1 Composition of polymer based on monomer charge in weight percent. 1 Parts by weight based on 100 parts oi total monomer charge. 8 DDM==n-dodecyl mercaptan. 4 MTM==mixed tertiary On to Cit mercnptans. l Sulfole=tert-dodeoyl mercaptan. All films are between 0.010 to 0.018 inch thick.

p.s.i. and a 300 percent modulus of 1005 p.s.i. and hence a ratio of these properties of 1.9. It is therefore apparent that some modifier is necessary in the production f fil having relatively high stretchability and modifier. Films were prepared from these latices after high gum tensile strength.

The data on films Nos. 14l-A, 127-F and l37-D show that latex produced using sulfhydryl compounds other than n-dodecyl mercaptan can be processed to yield films having good stretchability. As shown by these data, the tertiary mercaptans exert more modifier action than comparable normal mercaptan to achieve desired modifying action.

These films have high oil-resistance as shown by the following data.

Volume Increase after 1 week 1 A commercial 70 percent butndicue, 30 percent acrylonitrile polymer 7 which had a gum tensile strength 01400 p.s.i

neutralization, as described above, and were tested with the results shown in Table III.

The data in Table III indicate that films prepared from polymers made from monomer charges having a wide range of acrylonitrile content (10 to 40 percent) gave relatively low modulus films and that low concentrations of methacrylic acid (2 to 5 percent) in the monomer charge were particularly effective in producing polymers whose films had desirably high ultimate tensile strengths and unusually low 300 percent moduli relative thereto. The films made from copolymers polymerized from monomer charges having combined acrylonitrile and methacrylic acid concentrations of about 20 to 25 percent or more have oil-resistance equal or superior to neoprene (polymerized chlorobutadiene). Thus, films 137-A and l37-B, containing 30 percent of acryloni trile based on the monomer charge, show only about halt or less of the volume increase shown by neoprene when the films are tested by standard methods in ASTM #1 oil, ASTM #3 oil or lard oil. Films Nos. 137-C and 137-D show even higher oil-resistance as evidenced by lower volume increase in the oils specified.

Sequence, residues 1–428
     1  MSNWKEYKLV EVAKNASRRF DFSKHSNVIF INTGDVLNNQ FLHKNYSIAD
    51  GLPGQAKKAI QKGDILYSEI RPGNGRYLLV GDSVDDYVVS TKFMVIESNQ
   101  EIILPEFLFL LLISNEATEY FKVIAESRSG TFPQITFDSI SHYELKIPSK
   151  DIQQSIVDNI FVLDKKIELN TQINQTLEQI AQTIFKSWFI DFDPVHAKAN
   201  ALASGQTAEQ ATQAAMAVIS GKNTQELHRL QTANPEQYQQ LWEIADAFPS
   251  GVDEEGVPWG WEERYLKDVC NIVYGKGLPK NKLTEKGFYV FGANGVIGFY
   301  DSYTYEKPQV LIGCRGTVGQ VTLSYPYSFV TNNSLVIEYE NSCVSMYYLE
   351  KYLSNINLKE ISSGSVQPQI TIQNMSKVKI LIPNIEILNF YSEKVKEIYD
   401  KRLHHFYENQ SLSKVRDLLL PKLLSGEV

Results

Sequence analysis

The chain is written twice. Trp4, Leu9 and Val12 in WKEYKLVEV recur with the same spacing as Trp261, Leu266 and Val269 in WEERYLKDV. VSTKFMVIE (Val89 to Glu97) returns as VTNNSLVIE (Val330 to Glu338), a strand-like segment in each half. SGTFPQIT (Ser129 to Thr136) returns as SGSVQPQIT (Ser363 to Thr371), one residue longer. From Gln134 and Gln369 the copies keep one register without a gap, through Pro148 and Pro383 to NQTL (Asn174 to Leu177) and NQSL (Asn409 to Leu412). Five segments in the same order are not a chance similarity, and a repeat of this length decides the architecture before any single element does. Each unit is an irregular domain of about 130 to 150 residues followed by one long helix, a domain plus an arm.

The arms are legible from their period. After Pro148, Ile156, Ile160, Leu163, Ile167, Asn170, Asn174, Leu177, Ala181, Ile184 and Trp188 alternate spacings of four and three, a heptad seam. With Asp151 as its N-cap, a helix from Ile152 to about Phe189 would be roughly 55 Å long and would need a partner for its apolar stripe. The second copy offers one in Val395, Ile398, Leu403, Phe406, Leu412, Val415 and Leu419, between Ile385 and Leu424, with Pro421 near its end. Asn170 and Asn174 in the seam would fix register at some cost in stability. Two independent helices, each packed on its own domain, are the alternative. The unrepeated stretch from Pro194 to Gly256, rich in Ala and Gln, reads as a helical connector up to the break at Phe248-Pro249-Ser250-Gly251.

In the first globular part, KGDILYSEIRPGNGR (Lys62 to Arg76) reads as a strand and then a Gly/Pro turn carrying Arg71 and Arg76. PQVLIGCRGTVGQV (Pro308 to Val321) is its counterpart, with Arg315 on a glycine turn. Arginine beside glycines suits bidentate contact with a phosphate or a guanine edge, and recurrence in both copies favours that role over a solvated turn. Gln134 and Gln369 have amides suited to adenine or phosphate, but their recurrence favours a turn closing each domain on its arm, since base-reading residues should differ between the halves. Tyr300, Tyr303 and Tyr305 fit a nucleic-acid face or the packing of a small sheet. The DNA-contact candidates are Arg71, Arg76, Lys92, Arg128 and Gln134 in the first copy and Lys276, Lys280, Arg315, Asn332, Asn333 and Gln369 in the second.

I Table IIL- ProperIIes of films deposited from latices of polymers made from varying amounts of butadiene, acrylonitrile and methacrylic acid 1 Composition oi Modulus Ultimate Elonga- Ratio oi Polymer at 300% Gum Tention at Ultimate Film No. Elongiv sile break, Tensile,

tion, p.s.i. Strength, percent 3007 DD AN MAA p.s. Modu us 85 6 770 3, 975 550 5. 2 87 10 8 333 3. 245 690 9. 8 77 a0 3 446 3. 010 680 6. 8 72 3 5i!) 2. 770 680 5. 5 67 8 450 3, 175 605 7. 1 68 30 2 800 2. 665 870 d 0 62 3 476 8. 875 740 8. 2 63 35 2 son 2, e20 860 8. 7 57 8 460 8. 700 720 8. 1 57 40 3 510 4. 940 680 9. 7

I Catalyst, 0.05 part by weight oi KsSsOs.

Based on monomer charge; BD-butediene, AN-aorylonitrile, MAA-methacrylio acid.

1 Modifier, 0.5 part by weight oi n-dodecyl mercepten. I Modifier, 1.0 part by weight oi n-dodecyl mercaptan. I Modifier, 0.1 art by weight of n-dodeeyl mereaptan. All films were etween 0.010 to 0.018 inch thick.

polymer polymerized from a monomeric charge of iden- 3 tical composition but in the presence of 0.5 part of potassium persulfate and 0.5 part of mixed tertiary C mercaptans:

EXAMPLE IV Latices were prepared using the monomer charge and technique described in Example I with 0.05 part of potassium persulfate as catalyst and varying amounts of modifier. These latices were compounded with varying amounts of zinc oxide and elemental sulfur and were used to prepare films, as described in Example I.

The results in Table IV indicate that the gum tensile Percent --P- 792 35 strengths of polymers prepared in systems with high m di- Ulflmat; tenslle Strength --P- 1005 fier concentrations (3 parts) are improved when rela- Elonsaflon at break "p 350 tively small amounts of zinc oxide and sulfur are The data on film No. 154-A show that preparation of the latex in systems having very low modifier concentrations (0.1 part) is of particular advantage when 40 the monomer charge contains a small amount of methacrylic acid (3 percent).